To combat this situation, Deng reduced capital investment in heavy industry, increased prices paid by the state to farmers, and arranged a series of bonuses to raise workers' incomes. Farmers were encouraged to sell more produce privately, and a rapid growth of free markets for farm produce occurred. The communal labor system was virtually eliminated from the rural communes, and fields were leased to farm families on terms that allowed them more autonomy in determining what crops to plant. Agricultural production increased dramatically while, at the same time, a significant proportion of the rural population transferred its activities from farming to various kinds of light industry and trade. More free markets sprang up for distribution of these products, and some state-owned factories were placed under the control of their managers, who were instructed to take into account the profitability and market conditions for their products.

Fought to Maintain Political Stability

Throughout these reforms, Deng insisted upon maintaining China's socialist system. As ever greater reliance was placed on market forces to determine prices, it became increasingly difficult to balance socialist principles with capitalist effects. The reforms resulted in a generally improved standard of living but produced inequalities that were greatly resented. Inflation in the 1980s, a serious problem for the first time in a generation, accompanied increased unemployment and ever-growing disparities in living standards. Deng's inability to reform the blatant corruption and enrichment of many party and government officials and their families created new tensions.

Such tensions fed the long-smoldering discontent of academics who had opposed the party's dictatorship from the beginning and fueled repeated popular demands, especially among students, for a greater degree of democracy in China. In 1979, some of Deng's supporters had openly opposed his dictatorship and called for a democratic political system, and it was Deng himiself who led the suppression of their democracy movement, imprisoned some of their leaders, and banned unofficial organizations and publications. Again in December of 1986, widespread unauthorized student demonstrations were repressed by the government. Hu Yaobang was blamed for this movement, forced to resign, and became a hero to the students. Zhao Ziyang replaced him as head of the party.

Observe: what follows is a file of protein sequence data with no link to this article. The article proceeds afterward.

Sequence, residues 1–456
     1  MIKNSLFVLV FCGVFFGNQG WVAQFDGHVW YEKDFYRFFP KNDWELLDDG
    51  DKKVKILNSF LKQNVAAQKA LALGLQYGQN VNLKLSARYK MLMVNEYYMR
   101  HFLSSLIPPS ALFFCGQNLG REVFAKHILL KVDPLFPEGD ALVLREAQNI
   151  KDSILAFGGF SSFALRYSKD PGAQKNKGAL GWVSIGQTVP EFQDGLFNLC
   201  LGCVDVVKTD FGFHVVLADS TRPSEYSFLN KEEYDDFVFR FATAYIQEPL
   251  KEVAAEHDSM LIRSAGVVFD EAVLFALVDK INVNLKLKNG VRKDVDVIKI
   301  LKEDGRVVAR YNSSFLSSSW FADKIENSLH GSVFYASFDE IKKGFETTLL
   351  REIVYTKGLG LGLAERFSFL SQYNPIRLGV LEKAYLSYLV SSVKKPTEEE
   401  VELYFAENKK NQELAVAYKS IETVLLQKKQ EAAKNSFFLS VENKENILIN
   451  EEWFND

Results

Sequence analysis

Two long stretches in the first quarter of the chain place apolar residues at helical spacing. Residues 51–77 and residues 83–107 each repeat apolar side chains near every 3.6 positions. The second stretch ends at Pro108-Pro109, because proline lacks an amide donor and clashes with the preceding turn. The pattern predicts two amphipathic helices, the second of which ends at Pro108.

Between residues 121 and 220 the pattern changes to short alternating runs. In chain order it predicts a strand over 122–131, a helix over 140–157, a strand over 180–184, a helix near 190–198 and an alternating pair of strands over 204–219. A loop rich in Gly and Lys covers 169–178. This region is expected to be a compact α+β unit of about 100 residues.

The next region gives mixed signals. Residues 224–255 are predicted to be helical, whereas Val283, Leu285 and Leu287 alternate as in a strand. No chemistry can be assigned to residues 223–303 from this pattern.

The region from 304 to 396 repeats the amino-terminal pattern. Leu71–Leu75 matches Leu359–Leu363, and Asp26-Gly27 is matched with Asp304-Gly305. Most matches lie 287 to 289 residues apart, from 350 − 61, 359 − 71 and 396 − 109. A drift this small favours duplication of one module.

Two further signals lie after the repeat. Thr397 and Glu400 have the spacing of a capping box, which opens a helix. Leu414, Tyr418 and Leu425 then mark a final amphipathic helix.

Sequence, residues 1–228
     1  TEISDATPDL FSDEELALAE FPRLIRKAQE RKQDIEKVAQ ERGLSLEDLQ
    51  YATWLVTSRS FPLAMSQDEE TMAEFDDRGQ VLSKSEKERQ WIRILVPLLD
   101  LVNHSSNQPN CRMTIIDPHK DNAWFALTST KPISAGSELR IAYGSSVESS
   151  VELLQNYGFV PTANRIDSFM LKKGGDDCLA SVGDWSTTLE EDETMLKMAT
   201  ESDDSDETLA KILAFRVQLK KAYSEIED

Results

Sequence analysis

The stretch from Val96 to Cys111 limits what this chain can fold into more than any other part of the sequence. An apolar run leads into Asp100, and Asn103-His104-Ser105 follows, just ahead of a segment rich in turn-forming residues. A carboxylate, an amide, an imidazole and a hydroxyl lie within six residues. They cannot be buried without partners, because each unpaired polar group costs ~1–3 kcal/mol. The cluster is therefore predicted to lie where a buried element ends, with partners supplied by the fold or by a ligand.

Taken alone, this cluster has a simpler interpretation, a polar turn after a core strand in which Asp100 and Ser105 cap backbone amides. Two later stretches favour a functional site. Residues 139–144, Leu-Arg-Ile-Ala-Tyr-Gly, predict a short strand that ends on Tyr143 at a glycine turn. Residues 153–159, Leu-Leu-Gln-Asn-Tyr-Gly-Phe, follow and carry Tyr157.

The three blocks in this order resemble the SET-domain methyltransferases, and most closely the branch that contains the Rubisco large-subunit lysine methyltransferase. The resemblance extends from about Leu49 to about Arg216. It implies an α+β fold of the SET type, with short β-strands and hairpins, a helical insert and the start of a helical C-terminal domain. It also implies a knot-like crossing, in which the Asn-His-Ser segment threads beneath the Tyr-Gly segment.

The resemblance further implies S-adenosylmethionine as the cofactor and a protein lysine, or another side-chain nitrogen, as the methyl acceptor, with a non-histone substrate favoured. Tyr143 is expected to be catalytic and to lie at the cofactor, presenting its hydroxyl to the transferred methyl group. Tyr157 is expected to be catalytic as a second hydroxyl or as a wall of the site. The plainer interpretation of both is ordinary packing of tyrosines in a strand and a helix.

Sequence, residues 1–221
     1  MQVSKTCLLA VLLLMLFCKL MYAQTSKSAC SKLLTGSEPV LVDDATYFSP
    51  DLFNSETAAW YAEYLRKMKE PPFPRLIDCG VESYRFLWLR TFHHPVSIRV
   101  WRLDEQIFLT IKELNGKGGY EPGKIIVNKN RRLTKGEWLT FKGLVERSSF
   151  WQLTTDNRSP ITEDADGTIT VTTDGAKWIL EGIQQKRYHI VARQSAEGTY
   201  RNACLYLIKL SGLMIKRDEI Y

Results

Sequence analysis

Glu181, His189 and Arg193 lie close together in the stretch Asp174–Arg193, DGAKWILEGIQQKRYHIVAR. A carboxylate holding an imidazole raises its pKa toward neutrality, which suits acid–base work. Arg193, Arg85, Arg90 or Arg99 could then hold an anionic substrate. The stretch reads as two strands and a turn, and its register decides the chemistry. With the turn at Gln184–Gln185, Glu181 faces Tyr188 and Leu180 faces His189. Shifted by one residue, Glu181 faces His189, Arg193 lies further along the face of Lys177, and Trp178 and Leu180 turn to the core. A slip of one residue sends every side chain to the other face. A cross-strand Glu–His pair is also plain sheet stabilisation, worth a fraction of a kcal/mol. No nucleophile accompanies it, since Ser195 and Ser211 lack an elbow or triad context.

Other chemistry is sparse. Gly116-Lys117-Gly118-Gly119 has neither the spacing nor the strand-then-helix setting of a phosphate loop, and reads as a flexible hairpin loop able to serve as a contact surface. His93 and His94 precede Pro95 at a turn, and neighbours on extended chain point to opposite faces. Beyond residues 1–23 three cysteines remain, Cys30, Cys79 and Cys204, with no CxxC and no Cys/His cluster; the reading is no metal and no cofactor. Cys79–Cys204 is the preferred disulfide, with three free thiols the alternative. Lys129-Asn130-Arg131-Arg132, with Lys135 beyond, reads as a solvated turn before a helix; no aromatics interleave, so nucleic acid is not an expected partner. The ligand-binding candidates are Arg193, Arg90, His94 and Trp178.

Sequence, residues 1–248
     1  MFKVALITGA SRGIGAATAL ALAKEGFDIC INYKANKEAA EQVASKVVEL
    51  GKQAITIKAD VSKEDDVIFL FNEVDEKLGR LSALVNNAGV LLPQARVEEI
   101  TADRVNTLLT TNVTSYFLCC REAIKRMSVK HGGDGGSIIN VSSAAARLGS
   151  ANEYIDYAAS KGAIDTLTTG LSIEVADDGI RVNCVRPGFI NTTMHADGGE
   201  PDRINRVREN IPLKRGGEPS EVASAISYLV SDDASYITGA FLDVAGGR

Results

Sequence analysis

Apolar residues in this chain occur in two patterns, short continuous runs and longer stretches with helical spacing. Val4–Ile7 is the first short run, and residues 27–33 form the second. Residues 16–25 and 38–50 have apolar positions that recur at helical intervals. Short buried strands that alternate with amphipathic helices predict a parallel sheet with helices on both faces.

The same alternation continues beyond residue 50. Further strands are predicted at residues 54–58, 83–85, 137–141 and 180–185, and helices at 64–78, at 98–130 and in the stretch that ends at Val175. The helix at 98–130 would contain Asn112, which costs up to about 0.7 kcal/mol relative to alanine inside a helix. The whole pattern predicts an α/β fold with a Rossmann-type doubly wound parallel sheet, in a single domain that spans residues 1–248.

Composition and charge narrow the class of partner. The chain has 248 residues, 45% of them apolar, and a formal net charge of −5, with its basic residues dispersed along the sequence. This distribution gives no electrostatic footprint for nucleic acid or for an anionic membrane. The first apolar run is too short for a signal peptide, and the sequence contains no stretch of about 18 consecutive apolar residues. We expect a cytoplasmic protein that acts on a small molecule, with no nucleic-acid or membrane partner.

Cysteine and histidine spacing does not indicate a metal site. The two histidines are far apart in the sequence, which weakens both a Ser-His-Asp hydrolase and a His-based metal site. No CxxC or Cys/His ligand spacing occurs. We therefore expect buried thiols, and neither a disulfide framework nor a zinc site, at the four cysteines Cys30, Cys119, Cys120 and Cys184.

Deng's insistence through the 1980s on maintaining China's socialist system while putting his economic reforms into place had by 1989 forced him into an untenable corner of contradictions; he was presiding over increasing economic disparities in an ostensibly socialist society. The opposition's discontent ripened that year into plans for renewed student demonstrations on the 70th anniversary of the May Fourth Movement. When Hu Yaoband died in April, the demonstrators' leaders incorporated into their plans memorials that resembled their 1976 protests following Chou Enlai's death.

Focusing on demands for greater democracy, a series of student demonstrations at Tiananmen Square coincided with Mikhail Gorbachev's official state visit to Beijing and proved a serious embarrassment to China's leaders—one made worse by world-wide television coverage. The democracy movement quickly spread to other cities, threatening both social stability and Communist party leadership.

Deng, who began his political career 70 years earlier on one side of the May Fourth Movement of 1919, now found himself on quite another as party leaders began to weigh the possibility of compromise with the students. He chose, instead, confrontation. Restructuring his alliances, he forced Zhao Ziyang's resignation and relied on his old military friends to suppress the demonstrations. The violence that followed on June 4, 1989, is believed to have killed hundreds of demonstrators in Beijing alone.

Final Years

Worldwide condemnation of the massacre in Tiananmen Square and the uneasy domestic peace that followed brought a tightening of controls over the Chinese people, but did not shake Deng from his dedication to the Communist party's dictatorship nor his pursuit of modernization and economic reform.

From time to time, Deng compromised with other leaders, slowed down the pace of reform, or shifted priorities to placate his critics, but this did not seriously effect Deng's control of the regime's direction. Recognizing his advanced age, Deng sought to assure continuation of his "open door" policy and other political and economic reforms by putting CCP General Secretary Hu Yaobang, Premier Zhao Ziyang, and many other like-minded younger officials in positions of responsibility. In November of 1989, Deng resigned his last official position as head of the Central Military Commission. However, he retained paramount authority and continued to guide Chinese policy from his retirement.

The failed Soviet coup in August 1991 and the subsequent collapse of the Soviet Communist party reinforced Deng's belief that the fate of China, as well as that of Chinese communism, depended heavily on the state of China's economy. Deng understood well that economic reform meant turning loose forces that might eventually topple the Communist party but believed strongly in the party's ability to deliver economic growth and rising incomes. Deng's commitment to change and chastisement of those who dared oppose him forced many hard-line conservative elders to retire and cleared the way for Communist party to fully embrace his reforms. In 1992 the 14th Party Congress signalled the acceptance of Deng's ideas by making a socialist market economy a national goal for the year 2000.

In his last years Deng instigated debate within the Communist party on the need to balance economic reform with political stability, but was unable to impose a convincing plan for stability after his death. As Deng's health slipped into precipitous decline, the powerful patriarch became farther removed from his duties of daily decision-making. His last public appearance was during lunar new year festivities in early 1994, and on February 19, 1997 he died at age 92.

Further Reading on Deng Xiaoping

For an excellent biographical article on Deng's life and the economic changes he brought to China see Patrick E. Tyler's essay in the The New York Times, February 16, 1997.

Deng Xiaoping (Teng Hsiao-p'ing): Speeches and Writings (1984) and Parris H. Chang, "Chinese Politics: Deng's Turbulent Quest," in Problems of Communism (January-February 1981) provide additional information on Deng's political activities. TIME magazine recognized his reforms by twice naming him "Man of the Year," in 1976 and 1985.